The Magic of Domaine de la Romanée-Conti

It was a lucky break. Thanks to their collaboration with the lab where I did my master’s thesis (see their most recent publication in PLOS One here) , I was recently invited to visit the world renowned Domaine de la Romanée-Conti (known in the industry as DRC) in Burgundy. This winery, famous for its eponymous Romanée-Conti wine, which comes from grapes grown in the small (1,8140 ha) vineyard (“climat”) of the same name in the village of Vosne-Romanée. This wine is one of the most cherished in the world, and comes with a pricetag that is accordingly extravagant (NPR ran a story just a couple of days ago about a book written about a 2010 plot to blackmail the winery).


DRC courtyard in Vosne-Romanée with its vineyard backdrop.

The history of this famed winery began around the year 900 AD, with the founding of the priory of Saint-Vivant, which acquired the vineyards of Romanée-Conti in 1131. The monastery controlled the vines until 1584, when the land was purchased by Claude Cousin, the first in a long line of family-owners of this property (only 2 different families in 430 years), which continues today with Aubert de Villaine, and his nephew, Bertrand, our guide this morning, incredibly generous with both his knowledge and his wine.


Bertrand de Villaine explains how the Corton is blended from three different parcels.

He led us into their recently expanded cellars, where he led us through a barrel tasting of the 2013 red wines from each of their 7 red appellations : Corton, Echézeaux, Grands-Echézeaux, Romanée-St-Vivant, Richebourg, La Tâche and Romanée-Conti. Each of them were phenomenal, still very young, of course (some just finishing or having just finished malolactic fermentation), but a wine cannot age well if it doesn’t begin with all of the fundamentals in place. This was a concept that I knew well, but did not understand on a visceral level until I tasted these wines. Each one different from the others, they were all unique and fabulous in their own way, each characterized by its particular magnificent balance. Bertrand explained that they assure this balance by waiting until the grapes are perfectly ripe before harvesting. Their neighbors might be out harvesting a few days, even a few weeks before this moment of perfection for fear of losing yield due to an upcoming rainstorm, for instance, but DRC will wait, no matter what. Of course with the prices of their wines, they are in a better position to take this risk than many producers, but it is a major risk none the less and results in a relatively high variability in the quantity of wine that they produce, but with an incredible consistency in the quality, which is, without fail, exceptional.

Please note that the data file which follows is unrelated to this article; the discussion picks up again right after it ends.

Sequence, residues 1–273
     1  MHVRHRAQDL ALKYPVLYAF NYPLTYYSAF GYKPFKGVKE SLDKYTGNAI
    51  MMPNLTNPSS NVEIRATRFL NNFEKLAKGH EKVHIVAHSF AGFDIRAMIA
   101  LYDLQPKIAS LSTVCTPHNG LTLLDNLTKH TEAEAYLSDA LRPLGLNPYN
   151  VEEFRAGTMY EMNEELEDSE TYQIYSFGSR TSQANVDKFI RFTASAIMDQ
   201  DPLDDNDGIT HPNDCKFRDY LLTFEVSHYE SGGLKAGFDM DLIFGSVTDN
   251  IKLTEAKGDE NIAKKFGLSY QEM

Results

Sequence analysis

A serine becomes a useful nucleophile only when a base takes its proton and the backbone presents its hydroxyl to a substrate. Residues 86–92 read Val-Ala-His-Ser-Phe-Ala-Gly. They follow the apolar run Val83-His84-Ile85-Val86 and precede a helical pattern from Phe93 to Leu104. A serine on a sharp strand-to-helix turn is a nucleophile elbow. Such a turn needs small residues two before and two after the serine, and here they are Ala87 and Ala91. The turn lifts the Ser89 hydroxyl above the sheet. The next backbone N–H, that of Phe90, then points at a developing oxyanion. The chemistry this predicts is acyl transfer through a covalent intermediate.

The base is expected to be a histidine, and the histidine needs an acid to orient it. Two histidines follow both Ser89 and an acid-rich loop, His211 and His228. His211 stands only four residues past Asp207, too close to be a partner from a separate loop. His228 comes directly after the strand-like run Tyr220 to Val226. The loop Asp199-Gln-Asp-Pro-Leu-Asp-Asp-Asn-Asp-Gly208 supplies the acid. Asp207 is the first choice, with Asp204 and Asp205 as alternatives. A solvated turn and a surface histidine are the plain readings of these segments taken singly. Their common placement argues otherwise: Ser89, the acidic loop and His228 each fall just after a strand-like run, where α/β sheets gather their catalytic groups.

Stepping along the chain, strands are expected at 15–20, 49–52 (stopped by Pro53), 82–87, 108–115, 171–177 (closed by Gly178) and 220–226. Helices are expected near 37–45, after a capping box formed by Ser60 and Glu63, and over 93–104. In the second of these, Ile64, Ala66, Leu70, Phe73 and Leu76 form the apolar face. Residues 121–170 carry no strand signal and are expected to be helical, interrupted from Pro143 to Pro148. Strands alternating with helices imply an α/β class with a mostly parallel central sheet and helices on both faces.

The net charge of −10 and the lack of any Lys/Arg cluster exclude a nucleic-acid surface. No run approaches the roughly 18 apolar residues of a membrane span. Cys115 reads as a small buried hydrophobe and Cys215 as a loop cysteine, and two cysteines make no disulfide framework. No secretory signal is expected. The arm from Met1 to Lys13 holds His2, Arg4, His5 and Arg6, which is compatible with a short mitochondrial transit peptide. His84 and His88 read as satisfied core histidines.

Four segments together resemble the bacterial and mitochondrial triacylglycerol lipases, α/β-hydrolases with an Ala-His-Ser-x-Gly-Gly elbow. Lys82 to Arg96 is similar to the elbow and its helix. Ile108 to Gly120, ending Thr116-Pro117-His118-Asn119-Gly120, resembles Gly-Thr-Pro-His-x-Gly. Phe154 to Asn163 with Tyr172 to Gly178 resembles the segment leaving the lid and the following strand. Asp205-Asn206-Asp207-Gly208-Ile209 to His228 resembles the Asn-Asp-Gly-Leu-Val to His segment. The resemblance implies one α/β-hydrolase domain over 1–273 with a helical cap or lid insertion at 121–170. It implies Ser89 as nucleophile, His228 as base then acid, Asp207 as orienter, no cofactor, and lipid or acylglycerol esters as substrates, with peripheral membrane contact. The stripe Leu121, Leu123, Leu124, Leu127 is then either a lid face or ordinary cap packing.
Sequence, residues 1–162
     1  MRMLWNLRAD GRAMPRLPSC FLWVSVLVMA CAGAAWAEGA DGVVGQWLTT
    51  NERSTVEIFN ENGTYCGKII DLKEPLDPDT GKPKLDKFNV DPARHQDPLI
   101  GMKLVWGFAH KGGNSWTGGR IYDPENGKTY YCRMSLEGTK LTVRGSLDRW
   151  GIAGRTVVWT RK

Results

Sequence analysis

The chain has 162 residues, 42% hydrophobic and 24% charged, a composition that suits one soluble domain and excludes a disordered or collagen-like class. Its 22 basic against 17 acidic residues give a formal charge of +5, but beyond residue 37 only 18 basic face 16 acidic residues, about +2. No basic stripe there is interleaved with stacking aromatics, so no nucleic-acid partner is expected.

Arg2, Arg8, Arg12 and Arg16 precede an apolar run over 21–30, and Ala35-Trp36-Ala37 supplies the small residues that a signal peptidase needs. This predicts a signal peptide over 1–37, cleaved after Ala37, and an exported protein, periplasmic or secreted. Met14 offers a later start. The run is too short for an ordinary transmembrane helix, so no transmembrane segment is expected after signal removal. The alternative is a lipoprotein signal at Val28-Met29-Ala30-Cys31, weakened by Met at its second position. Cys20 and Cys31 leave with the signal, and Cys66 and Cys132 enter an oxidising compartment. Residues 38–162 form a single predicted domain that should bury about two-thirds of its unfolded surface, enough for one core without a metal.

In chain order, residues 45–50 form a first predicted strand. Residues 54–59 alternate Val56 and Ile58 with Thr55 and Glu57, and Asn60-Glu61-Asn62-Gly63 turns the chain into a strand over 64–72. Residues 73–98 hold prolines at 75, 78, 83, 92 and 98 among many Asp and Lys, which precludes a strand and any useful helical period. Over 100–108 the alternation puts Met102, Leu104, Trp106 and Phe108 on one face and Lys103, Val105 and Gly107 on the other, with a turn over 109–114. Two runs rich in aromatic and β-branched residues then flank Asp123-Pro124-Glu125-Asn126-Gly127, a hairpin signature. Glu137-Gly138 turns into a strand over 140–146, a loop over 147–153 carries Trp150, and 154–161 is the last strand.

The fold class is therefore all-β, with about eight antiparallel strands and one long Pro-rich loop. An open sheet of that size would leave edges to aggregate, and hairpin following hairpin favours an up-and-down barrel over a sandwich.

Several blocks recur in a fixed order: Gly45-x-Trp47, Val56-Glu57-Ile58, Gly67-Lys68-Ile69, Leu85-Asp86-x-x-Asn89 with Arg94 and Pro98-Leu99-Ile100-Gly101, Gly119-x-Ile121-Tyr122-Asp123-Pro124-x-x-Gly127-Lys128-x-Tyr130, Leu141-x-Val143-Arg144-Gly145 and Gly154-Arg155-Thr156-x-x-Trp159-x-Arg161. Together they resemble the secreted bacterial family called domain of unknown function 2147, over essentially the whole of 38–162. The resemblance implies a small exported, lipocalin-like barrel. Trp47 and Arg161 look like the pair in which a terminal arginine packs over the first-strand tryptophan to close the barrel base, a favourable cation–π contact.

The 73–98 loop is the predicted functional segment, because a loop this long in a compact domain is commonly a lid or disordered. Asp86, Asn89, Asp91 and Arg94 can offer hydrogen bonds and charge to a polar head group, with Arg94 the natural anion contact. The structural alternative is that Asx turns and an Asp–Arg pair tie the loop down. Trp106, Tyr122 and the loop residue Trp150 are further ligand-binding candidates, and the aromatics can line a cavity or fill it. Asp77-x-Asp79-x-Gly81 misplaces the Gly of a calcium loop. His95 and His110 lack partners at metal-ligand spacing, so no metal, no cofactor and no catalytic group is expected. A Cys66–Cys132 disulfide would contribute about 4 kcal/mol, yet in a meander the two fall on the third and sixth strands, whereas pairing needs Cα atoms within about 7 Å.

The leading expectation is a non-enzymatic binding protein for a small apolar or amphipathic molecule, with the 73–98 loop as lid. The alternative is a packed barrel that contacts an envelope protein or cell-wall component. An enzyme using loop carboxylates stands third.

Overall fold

DSC_0238Barrel of 2013 Romanée-Conti 

Each of the 7 wines had its particular personality, all of them like someone you hit it off with right off the bat. But it is true that the Romanée-Conti is the one you fall in love with at first sight. Not in a stunningly-gorgeous-knock-your-socks-off-from-across-the-room kind of way (though maybe with a few years of maturity she becomes so), but in a far more subtle, delicate way. Such that your first sip seems so incredibly satisfying, but then trails off leaving hints of so much more to be discovered, and so you find yourself chasing her, praying, begging for her to reveal just a bit more. And she keeps tempting you in this way until your glass is empty, but you are not angry that she’s gone, but rather you have never felt more content in your life.